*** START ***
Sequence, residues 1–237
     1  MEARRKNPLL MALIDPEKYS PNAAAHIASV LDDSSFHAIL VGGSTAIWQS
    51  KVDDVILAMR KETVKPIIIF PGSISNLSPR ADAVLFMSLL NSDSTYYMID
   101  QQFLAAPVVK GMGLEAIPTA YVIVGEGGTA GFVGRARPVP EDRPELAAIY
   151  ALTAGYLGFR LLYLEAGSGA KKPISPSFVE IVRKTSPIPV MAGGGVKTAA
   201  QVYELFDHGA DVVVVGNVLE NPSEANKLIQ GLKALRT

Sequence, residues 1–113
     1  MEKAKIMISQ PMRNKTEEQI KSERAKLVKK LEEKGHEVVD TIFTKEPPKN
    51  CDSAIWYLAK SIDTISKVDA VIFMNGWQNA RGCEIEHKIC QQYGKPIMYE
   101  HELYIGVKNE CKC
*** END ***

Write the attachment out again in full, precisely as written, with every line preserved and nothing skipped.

Sequence, residues 1–237
     1  MEARRKNPLL MALIDPEKYS PNAAAHIASV LDDSSFHAIL VGGSTAIWQS
    51  KVDDVILAMR KETVKPIIIF PGSISNLSPR ADAVLFMSLL NSDSTYYMID
   101  QQFLAAPVVK GMGLEAIPTA YVIVGEGGTA GFVGRARPVP EDRPELAAIY
   151  ALTAGYLGFR LLYLEAGSGA KKPISPSFVE IVRKTSPIPV MAGGGVKTAA
   201  QVYELFDHGA DVVVVGNVLE NPSEANKLIQ GLKALRT

Sequence, residues 1–113
     1  MEKAKIMISQ PMRNKTEEQI KSERAKLVKK LEEKGHEVVD TIFTKEPPKN
    51  CDSAIWYLAK SIDTISKVDA VIFMNGWQNA RGCEIEHKIC QQYGKPIMYE
   101  HELYIGVKNE CKC